The second string to the Elbow came in 2003. Two years on from that second first album and with more than a few people looking in their direction to see what was going to come next from this band; Elbow seem to deliver contrasts. They create a universal intimacy which is evident in spades on Cast of Thousands along with a feeling that now they are reaching an audience and they know it (quite literally when you remember that the crowd at their Glastonbury performance sings on Grace Under Pressure).
Ribcage opens the album and seems like Any Day Now, Chapter 2. The band have got out of town, on the road to where they want to be going and there is a great contrast that they “blew the doors, didn’t we? Pissed in their champagne…gave ourselves a name”. You can’t blame Mr. Garvey and the other ‘elboys’ for showing some elation following some time wondering if their time in the spotlight was going to happen. “I wanted to explode, to pull my ribs apart and let the sun inside!”
They do that and then some. This track takes off with an almost hypnotic drumbeat, mantra-like repetition and a Gospel choir for good measure. The boys are nothing if not ballsy in working out what else they can add to a recording to give it the right feel. Gospel choir? Why not! Sing through a tambourine? Give it a go! But at the point where it is all getting big, we’re again pulled down to earth by the boys because while they “blew the doors”, they are still rooted in the everyday; Universal intimacy.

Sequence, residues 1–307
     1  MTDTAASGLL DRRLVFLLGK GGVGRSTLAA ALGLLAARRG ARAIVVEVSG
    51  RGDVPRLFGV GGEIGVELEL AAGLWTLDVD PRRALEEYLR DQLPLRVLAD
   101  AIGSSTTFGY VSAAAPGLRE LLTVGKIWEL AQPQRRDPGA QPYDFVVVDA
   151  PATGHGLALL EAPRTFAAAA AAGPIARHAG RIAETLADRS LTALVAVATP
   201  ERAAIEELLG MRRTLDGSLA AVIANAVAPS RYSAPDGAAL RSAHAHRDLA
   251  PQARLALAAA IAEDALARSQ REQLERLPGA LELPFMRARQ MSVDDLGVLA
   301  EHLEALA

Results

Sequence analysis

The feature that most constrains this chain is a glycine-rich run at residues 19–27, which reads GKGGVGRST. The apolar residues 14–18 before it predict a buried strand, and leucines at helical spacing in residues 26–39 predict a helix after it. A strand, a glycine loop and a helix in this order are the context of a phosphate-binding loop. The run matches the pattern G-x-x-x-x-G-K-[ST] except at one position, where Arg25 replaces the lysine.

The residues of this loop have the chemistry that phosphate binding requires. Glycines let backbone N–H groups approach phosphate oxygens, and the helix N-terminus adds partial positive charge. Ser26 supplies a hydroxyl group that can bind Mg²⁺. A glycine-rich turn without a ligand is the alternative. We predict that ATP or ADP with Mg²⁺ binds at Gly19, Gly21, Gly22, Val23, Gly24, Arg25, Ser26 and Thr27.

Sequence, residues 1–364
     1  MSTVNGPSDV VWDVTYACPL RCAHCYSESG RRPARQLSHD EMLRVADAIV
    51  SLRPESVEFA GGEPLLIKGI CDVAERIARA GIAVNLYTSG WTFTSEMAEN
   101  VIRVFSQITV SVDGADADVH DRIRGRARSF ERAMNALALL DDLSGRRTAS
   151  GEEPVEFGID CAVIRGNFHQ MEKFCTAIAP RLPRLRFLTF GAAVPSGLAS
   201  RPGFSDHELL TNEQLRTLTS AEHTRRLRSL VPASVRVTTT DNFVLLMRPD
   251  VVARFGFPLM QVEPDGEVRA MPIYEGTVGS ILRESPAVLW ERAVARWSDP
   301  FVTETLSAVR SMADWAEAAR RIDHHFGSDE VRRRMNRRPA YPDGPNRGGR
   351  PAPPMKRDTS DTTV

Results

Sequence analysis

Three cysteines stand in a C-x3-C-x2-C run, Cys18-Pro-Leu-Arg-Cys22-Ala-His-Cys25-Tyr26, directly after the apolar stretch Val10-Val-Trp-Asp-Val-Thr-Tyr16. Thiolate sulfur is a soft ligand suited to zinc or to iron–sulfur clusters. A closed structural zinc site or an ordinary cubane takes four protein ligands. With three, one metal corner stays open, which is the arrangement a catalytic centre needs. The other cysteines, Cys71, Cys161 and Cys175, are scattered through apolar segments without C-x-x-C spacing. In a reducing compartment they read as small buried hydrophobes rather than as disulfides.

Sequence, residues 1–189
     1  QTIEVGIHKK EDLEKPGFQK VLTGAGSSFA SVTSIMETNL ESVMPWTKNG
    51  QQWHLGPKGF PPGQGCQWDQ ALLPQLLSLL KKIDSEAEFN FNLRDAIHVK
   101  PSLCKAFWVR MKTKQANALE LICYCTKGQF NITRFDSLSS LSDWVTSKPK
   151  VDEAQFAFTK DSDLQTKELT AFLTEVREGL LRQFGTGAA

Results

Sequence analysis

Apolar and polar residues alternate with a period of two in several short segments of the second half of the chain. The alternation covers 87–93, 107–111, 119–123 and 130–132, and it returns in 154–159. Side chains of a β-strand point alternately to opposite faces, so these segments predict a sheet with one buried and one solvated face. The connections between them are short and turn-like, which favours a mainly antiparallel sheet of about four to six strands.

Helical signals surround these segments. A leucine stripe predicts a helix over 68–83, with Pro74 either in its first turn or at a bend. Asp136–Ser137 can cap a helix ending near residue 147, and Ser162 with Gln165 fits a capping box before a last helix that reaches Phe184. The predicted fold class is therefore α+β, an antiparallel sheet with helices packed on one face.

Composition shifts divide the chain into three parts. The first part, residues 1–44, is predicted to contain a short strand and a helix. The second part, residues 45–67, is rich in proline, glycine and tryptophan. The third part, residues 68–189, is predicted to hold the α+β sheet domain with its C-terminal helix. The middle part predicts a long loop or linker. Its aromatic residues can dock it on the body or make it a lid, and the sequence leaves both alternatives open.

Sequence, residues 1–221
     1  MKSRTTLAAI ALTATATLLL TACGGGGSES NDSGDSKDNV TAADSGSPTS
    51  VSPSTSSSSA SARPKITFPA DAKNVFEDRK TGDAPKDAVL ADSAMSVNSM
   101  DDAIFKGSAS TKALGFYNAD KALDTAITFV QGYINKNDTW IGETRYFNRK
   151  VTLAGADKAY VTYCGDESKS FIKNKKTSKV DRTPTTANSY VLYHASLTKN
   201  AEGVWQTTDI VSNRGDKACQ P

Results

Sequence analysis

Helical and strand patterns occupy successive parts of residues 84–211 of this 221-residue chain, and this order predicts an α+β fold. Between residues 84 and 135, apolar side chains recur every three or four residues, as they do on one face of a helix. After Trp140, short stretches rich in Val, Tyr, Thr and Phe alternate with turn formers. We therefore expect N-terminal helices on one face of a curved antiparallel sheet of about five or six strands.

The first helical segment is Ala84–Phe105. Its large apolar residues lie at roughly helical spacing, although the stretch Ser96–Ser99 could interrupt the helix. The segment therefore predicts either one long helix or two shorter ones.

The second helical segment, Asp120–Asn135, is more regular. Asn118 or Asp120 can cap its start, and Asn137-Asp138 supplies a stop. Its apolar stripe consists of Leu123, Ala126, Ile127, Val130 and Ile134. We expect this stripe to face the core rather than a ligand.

“We call that love, All you have is kisses and all I need is you.”
Fallen Angel is a stomp with interesting lyrics warning about things that are waiting to “bear their teeth for you” and a good guitar part. To me the song is about or to someone who is down on their luck and who is not quite seeing the light at the end of the tunnel. Fear not though, reader and listener, for a ‘gee up’ comes in the form of song…
Drag your feathers ‘cross the dancefloor, throw your shapes electric blue. Don’t fall to pieces on me.
We’ve all had those moments where we’re told to keep our head up, best foot forward n’all that, “choose your favourite shoes and keep your blues on cruise control”, tomorrow is another day. Paul McCartney said that when he found himself in times of trouble, Mother Mary came to him… this perhaps hits on the same vein but more to the point.
“…count back the weeks on worried fingers, virgin mother whats’erface”
Fugitive Motel is Elbow doing romance and relationships in everyday life. It should not be a surprise to anyone who has heard the first album, Switching Off from this, or even Starlings from the behemoth that was The Seldom Seen Kid. Elbow do romance. They do floaty love that gets right to the heart of how you feel when you find someone, but they anchor it in normality so it never gets so couple-y that you want to puke.
The line; “I blow you a kiss, it should reach you tomorrow, as it flies from the other side of the world” is beautiful, but in reality, when you are sat in some room that looks like it’s seen better days, you’re miles away from home you’re probably knackered and chances are you’ll be reminded of that just after you’ve tried to impress. “I’m admired, I said. You always look tired, she said.”
After the debut album Elbow were swept off abroad, so the feeling in this song about being away from people that you care about while you are happily living the dream, is fitting. You are getting to places that you wanted to be way back in the Manchester rehearsal rooms, people are listening to your music and connecting with it, but at the end of the day you’re still probably sat in a soulless hotel room on “the other side of the world”, missing home.
“Cigarette holes for every lost soul to give up the ghost in this place
Give me strength, give me wings.”
Musically, chill out albums from Ibiza would be proud of this feel. The guitars drip, the chords allow you to drift off. Not everyone will be moved by this song but if you aren’t, you wouldn’t be this far into a review of the album, would you?